The New England Patriots’ list of free agents is a long one that also features some core players of the last few seasons. Among them is left guard Joe Thuney, who started all 90 regular season and playoff games over the last five seasons and has grown into one of the best players his position currently has to offer across the league.
As such, the 28-year-old will be highly sought after when he becomes an unrestricted free agent on March 17; there is a chance he resets the guard market despite the salary cap being expected to decrease compared to 2020’s $198.2 million. Thuney has proven himself a reliable player, however, and those are not easy to find via the draft or free agency alike. His market will therefore be a healthy one.
Will the Patriots play a part in it after already placing the $14.78 million franchise tag on him last offseason? To a certain point they will, but one has to wonder if the team will let him leave if the price tag gets too high — especially considering the other holes the team has to fill on its roster.
According to Pro Football Focus, however, the Patriots cannot afford to let the standout guard depart. PFF’s Brad Spielberger recently named each team’s player falling under that “can’t afford to lose” category, and Thuney is his choice for New England:
New England Patriots: G Joe Thuney
Thuney has been an anchor for this Patriots offensive line as it’s gone through a state of flux, and while New England could not agree to terms on an extension for him prior to 2020 — instead franchise-tagging him — this shouldn’t necessarily be a sign of disinterest in extending him.
There is only one franchise tag for all offensive line positions, and Thuney’s $14.781 million tag for 2020 is over $1.4 million more than the highest-paid left guard’s average per year ($13.3 million — Jaguars LG Andrew Norwell). The Patriots clearly value Thuney, and they have plenty of cap space to get this done.
With all of that said, letting a player like Thuney walk to earn a compensatory pick is exactly what the Patriots do. Left guard is one of the least valuable positions in the NFL, and this New England team is not a left guard away from contending once again.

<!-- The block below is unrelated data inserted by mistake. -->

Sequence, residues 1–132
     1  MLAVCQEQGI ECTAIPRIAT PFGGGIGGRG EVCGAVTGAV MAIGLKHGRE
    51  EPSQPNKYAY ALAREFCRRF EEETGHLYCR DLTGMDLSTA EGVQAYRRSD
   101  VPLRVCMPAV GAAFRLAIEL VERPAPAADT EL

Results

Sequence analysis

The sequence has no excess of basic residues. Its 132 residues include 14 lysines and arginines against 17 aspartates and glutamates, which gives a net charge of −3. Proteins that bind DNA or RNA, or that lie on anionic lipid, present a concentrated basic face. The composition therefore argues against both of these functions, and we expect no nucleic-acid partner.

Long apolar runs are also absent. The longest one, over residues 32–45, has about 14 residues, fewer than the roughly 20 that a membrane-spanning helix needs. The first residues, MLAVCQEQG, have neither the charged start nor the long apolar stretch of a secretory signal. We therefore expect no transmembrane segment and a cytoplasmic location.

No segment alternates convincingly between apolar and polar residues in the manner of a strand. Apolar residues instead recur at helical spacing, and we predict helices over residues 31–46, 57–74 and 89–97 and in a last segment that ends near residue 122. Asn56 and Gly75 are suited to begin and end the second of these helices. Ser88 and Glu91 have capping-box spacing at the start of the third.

There is no denying Thuney has been an outstanding player ever since the Patriots invested a third-round draft pick in him in 2016: he has been a starter at left guard from Day One, has helped the team win two Super Bowls, and just last season showed his versatility when also starting two games at the center position — all while playing on as high a level as any interior offensive lineman in football.
That said, an argument can be made that the Patriots can afford to lose him considering the circumstances:
1.) Overall roster construction: New England has plenty of holes that need to be addressed, and one could argue that the price tag needed to bring him aboard could be better used elsewhere. His projected price tag — possibly around $15 million per year — could, for example, be used to bring back both center David Andrews and backup right tackle Jermaine Eluemunor in free agency to shore up the depth along the O-line even with Thuney gone. The Patriots would then likely still have around $8 million to work with before reaching the same value that a Thuney deal might have in 2020.
2.) Offensive line depth: New England’s O-line faces some questions heading into 2021 with Andrews and Eluemunor scheduled to enter free agency, and with long-time starting right tackle Marcus Cannon a candidate for retirement or release coming off his Covid-19 opt-out. That said, the Patriots do have some solid pieces in place to possibly fill Thuney’s void (given that Andrews and/or Eluemunor are brought back as well): sixth-round draft pick Michael Onwenu looked like one of the best young offensive lineman in the NFL in 2020, and could be moved from right tackle to his more natural position on the inside.
3.) Compensatory draft picks: As PFF pointed out, letting Thuney leave on a possible record-breaking contract would result in the Patriots getting one of the highest compensatory picks in the 2022 draft. The selection would probably come in the late third round and thus give the team some considerable additional ammunition to work with as it is trying to rebuild its roster for the post-Tom Brady era. A team like the Patriots in need of young talent might view an additional selection as more valuable than a guard on a massive deal.
So, with that said, who would take the spot as the one free agent the Patriots cannot afford to lose? There are certainly a few players worth making a case for.
The aforementioned David Andrews, for example, considering his role at the heart of New England’s offensive line and as a team captain. Maybe defensive tackles Lawrence Guy and Adam Butler — two of the most consistent players on the roster at a position that is a definitive need even if both of them are retained. Heck, maybe even quarterback Cam Newton given that the only quarterbacks under contract for 2021 are unproven Jarrett Stidham and Jake Dolegala.
If only one player can be named, Guy would probably be the choice: he may be on the wrong side of 30, but keeping him for the next one to two years would give the Patriots both some stability in the front seven, address possibly their biggest need outside of quarterback, and allow them to have one of their team captains lead the locker room through the rebuild.
Like Guy, Thuney is a key player for the Patriots. He is one of the few truly elite talents on a roster in transition and as such certainly worth being kept. However, value can only go so far for a team that appears to be more than one player away from getting back into championship contention — especially one on a market level contract.